I have been to Venice a few times and I can honestly say that it is probably the most unique city I have ever been to. Here is my advice for anybody thinking of taking a holiday or short break in Venice.
For many the joy of Venice is spoilt by the huge numbers of fellow travellers the head to the floating city to enjoy of its marvels.
However, while the great sites of San Marco’s Square, Rialto Bridge and the endless canals and bridges draw the crowds, by getting lost you can feel like your one of the first people to discover Venice
However you arrive in Venice from the mainland – by bus on the bridge, via vaporetto water bus or by private yacht – the city cannot fail to impress you with its unique character and architecture.
With the crowds in mind the best way to see the sites and not be flustered by the coach-loads is to arrive early, which is easy whether you are staying in Venice itself or in the mainland town of Mestre.
A great starting place is San Marco’s square. The sight of the Doge’s palace, the golden domes of Saint Mark’s Basilica and the surrounding colonnades cannot fail to impress. Looking out over the San Marco Canal and the entrance to the Grand Canal watching the main boats and gondolas you can find time slips away.
To first get your bearings – and an amazing view of Venice and its red tile roofs and churches – climbing Campanile di San Marco, the bell tower of San Marco, is a great idea. For those a little fazed by the innumerable steps there is a lift to the top. Beware though, as the bells strike every hour and Italian health and safety laws let you get a little to close for comfort.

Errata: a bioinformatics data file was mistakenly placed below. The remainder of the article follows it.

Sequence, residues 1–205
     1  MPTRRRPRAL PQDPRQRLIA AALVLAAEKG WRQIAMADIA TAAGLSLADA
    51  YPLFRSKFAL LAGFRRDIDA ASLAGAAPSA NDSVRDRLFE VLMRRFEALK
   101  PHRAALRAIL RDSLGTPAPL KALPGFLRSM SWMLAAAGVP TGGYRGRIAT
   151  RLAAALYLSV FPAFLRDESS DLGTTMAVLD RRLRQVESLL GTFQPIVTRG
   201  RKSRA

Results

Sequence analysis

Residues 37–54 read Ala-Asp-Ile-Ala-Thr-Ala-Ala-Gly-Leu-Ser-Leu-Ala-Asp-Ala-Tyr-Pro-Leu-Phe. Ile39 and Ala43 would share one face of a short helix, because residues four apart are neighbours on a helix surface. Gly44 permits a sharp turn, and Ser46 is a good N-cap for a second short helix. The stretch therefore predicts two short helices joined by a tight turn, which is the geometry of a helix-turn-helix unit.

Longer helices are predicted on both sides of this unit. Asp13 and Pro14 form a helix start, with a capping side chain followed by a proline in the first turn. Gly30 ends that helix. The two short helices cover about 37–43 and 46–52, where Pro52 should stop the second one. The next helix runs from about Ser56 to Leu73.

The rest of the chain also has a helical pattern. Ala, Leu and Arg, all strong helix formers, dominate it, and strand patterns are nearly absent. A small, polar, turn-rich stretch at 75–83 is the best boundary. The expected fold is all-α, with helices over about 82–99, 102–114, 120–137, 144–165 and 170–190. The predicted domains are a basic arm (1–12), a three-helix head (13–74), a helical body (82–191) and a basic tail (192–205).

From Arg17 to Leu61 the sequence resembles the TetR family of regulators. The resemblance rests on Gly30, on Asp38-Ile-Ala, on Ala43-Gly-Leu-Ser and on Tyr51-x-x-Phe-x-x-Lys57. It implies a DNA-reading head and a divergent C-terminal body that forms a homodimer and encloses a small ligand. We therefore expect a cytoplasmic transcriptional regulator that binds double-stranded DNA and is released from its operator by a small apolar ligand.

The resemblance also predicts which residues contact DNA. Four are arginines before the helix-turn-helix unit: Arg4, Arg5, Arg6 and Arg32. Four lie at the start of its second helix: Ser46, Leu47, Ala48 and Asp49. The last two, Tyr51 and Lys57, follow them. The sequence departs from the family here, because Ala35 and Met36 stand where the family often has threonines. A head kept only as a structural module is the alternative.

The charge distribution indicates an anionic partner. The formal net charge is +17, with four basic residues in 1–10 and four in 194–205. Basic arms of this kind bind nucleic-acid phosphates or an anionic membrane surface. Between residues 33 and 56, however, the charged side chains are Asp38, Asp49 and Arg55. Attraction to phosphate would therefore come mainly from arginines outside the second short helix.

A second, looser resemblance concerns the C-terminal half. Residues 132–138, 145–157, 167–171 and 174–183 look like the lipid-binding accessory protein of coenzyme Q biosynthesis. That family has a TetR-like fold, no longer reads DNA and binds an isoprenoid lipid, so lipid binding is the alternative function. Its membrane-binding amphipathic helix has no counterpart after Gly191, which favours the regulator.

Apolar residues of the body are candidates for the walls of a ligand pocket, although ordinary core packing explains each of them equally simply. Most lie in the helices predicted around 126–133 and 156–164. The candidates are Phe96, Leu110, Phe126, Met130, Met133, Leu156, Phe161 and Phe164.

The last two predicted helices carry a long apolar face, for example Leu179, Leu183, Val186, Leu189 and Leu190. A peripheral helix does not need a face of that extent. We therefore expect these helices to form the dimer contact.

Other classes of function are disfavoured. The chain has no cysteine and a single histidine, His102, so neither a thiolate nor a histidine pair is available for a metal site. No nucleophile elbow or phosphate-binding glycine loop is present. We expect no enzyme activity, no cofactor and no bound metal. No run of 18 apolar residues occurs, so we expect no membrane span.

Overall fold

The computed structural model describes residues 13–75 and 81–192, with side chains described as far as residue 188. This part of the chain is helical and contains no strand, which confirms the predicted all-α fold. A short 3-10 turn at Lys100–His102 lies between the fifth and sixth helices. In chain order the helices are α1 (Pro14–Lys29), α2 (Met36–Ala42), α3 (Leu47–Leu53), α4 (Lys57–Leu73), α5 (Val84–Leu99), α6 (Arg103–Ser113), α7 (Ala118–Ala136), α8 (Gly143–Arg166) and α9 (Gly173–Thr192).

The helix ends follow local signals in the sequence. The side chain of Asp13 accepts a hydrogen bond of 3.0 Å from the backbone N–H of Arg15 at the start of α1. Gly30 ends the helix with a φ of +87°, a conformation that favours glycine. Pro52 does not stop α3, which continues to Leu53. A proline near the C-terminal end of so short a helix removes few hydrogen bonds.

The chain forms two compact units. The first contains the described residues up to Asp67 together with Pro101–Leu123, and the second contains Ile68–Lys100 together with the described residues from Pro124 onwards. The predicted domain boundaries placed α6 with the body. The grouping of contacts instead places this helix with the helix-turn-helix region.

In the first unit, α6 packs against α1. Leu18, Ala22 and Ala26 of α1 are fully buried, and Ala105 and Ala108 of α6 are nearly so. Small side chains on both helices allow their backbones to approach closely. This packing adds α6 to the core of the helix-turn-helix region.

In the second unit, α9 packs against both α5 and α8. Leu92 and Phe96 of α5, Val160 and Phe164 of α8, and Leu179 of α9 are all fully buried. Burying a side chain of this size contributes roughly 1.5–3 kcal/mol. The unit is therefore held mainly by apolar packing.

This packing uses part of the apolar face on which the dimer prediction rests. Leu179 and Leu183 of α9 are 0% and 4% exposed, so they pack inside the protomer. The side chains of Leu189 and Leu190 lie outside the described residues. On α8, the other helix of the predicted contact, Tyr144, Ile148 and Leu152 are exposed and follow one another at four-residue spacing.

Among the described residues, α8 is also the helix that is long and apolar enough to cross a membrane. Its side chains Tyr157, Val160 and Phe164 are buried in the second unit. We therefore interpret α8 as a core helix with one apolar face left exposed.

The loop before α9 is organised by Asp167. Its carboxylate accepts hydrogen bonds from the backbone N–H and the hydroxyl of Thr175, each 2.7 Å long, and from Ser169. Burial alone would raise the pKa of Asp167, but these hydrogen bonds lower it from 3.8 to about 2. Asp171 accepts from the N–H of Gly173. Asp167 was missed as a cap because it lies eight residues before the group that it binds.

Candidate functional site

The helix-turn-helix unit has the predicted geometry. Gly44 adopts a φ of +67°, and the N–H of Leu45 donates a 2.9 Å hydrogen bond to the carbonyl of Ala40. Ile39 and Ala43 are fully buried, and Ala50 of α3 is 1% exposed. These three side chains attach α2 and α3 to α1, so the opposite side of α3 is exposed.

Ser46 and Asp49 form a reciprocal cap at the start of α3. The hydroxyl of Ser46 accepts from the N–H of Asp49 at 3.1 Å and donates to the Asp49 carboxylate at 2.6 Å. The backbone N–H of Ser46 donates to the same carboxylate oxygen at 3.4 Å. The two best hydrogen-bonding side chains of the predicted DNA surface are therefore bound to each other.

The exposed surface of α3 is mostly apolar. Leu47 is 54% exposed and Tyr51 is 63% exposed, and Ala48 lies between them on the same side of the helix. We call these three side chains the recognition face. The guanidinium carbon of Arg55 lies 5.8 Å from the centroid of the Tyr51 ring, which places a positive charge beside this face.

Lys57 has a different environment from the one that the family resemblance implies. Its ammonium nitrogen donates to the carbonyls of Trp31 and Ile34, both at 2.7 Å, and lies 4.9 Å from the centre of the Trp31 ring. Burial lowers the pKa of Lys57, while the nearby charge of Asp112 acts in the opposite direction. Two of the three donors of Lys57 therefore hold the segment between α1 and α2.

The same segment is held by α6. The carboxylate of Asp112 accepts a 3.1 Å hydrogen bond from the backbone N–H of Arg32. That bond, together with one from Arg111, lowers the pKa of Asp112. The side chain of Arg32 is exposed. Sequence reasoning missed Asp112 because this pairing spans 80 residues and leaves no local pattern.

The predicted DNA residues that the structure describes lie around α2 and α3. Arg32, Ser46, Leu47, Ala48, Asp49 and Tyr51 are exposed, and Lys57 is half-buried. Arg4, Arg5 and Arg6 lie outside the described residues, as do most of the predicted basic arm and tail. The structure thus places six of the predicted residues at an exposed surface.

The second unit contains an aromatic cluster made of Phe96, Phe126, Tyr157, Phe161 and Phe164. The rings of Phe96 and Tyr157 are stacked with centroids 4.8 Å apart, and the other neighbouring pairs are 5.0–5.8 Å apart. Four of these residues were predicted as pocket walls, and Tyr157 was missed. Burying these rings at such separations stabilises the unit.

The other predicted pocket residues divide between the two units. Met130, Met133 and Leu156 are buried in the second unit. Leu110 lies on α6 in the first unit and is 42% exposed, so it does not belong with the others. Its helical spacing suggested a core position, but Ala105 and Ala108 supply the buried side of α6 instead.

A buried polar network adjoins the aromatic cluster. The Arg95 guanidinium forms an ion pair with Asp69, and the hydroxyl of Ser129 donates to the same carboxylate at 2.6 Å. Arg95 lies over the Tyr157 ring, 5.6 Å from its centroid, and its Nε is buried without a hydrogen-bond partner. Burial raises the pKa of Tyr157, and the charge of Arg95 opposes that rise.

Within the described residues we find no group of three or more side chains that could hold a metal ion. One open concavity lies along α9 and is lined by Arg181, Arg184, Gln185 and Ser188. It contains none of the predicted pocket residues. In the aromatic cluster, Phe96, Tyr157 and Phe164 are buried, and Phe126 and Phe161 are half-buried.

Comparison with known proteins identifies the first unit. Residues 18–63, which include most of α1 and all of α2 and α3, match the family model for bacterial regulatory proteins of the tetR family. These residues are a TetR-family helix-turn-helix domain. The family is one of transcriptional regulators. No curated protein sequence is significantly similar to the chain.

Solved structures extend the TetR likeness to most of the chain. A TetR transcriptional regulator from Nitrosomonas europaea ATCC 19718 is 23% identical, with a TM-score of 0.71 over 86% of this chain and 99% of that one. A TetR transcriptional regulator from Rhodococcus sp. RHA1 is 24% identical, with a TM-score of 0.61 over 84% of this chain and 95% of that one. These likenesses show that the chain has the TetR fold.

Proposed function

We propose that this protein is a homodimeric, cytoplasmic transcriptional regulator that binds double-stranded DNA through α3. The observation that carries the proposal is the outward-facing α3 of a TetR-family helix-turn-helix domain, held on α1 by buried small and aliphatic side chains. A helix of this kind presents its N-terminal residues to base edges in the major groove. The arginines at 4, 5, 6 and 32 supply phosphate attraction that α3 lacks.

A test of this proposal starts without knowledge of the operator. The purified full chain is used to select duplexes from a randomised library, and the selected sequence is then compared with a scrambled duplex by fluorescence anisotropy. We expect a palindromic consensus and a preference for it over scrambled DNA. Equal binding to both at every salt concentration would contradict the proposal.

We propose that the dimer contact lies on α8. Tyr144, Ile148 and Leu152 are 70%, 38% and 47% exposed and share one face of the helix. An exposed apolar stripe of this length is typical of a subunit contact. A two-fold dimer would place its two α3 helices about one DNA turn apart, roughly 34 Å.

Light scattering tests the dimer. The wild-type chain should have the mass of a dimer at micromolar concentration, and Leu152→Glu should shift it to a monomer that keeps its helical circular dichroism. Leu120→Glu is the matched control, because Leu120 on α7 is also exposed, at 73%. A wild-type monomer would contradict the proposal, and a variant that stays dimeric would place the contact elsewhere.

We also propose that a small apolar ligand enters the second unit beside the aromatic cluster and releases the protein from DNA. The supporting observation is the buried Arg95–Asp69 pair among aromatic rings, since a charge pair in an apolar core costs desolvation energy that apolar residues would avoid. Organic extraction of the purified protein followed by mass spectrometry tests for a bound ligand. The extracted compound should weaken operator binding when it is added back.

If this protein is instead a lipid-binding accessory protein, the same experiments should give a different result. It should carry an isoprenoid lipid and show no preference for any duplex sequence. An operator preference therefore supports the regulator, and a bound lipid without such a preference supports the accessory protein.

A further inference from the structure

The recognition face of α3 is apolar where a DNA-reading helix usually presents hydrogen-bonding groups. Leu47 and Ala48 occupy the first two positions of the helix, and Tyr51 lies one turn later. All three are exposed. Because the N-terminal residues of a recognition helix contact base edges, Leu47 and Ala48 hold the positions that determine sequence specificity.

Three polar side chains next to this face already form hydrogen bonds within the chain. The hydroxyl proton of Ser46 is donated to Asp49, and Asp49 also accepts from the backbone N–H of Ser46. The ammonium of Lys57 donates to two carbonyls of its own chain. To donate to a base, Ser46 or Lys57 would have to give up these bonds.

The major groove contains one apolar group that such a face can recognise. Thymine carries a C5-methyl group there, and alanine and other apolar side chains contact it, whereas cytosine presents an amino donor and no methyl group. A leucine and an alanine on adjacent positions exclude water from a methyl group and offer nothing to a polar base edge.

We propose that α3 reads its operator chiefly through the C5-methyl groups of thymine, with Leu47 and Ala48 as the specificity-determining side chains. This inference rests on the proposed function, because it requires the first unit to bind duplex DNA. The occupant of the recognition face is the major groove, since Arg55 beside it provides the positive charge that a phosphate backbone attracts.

If there are queues for the Campanile di San Marco, nearby down Calle della Vida, the Palazzo Contatini del Bovolo also offers a spiral staircase and some of the most romantic sunset views in Europe.
As the crowds at San Marco’s square start to arrive it is the best time to head out through Venice to discover what is on offer. Armed with a good map it’s almost impossible to get lost, but through the network of Calle you may find retracing your steps impossible. This is well to remember as unless you have a good guide or an impeccable sense of direction any restaurant you discover probably won’t be easy to find again.
As lunch comes the best place to head for to escape the obligatory tourist prices is the Jewish district of Venice. Not many tourists head up here and the restaurants tend to be family-run establishments with very warm atmospheres, a penchant for spoiling children and no menus in English.
The Jewish district itself is a delight, with washing hung between buildings over canals and the architecture quite different as the lack of space meant the only way for the growing population to be housed was through building up and up. The houses seem constantly on the edge of falling down.
Of the many galleries and museums to find in Venice, perhaps the most memorable is the Guggenheim Collection. The former home of Peggy Guggenheim still keeps is very homely atmosphere as you tour her bedroom, lounge, gardens surrounded by works by the greatest artists of the 20th century.
Looking down at a map of Venice you release by getting lost you’ll get a good feeling for the city, but in the end it is a place to return to again and again to get lost again and again.